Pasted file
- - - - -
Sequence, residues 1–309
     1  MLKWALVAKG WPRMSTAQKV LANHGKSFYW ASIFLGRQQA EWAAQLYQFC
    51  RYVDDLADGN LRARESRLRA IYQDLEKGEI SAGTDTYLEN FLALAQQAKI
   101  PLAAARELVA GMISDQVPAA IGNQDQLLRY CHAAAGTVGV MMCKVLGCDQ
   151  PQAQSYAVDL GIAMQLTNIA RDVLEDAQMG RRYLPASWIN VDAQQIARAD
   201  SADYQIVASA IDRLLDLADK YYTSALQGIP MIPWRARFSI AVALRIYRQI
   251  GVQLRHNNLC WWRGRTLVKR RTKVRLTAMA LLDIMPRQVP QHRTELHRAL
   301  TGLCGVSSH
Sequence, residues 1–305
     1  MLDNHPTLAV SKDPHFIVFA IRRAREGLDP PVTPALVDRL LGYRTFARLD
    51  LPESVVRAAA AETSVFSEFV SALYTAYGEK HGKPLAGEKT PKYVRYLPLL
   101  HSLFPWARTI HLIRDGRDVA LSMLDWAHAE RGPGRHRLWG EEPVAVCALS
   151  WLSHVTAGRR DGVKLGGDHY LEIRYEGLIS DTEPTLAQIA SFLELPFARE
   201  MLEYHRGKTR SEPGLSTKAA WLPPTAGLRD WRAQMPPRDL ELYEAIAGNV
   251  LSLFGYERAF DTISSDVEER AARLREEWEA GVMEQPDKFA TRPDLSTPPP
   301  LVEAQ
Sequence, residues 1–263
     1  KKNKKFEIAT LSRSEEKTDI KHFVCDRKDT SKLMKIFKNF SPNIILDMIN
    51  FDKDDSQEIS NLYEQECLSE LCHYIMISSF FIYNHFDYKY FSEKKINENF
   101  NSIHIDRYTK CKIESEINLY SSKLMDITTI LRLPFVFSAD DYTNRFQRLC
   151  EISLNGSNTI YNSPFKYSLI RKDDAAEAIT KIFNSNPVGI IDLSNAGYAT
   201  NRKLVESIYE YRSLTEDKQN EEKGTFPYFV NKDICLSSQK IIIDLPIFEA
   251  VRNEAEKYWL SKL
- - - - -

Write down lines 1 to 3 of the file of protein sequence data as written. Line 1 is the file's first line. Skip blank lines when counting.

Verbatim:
Sequence, residues 1–309
     1  MLKWALVAKG WPRMSTAQKV LANHGKSFYW ASIFLGRQQA EWAAQLYQFC
    51  RYVDDLADGN LRARESRLRA IYQDLEKGEI SAGTDTYLEN FLALAQQAKI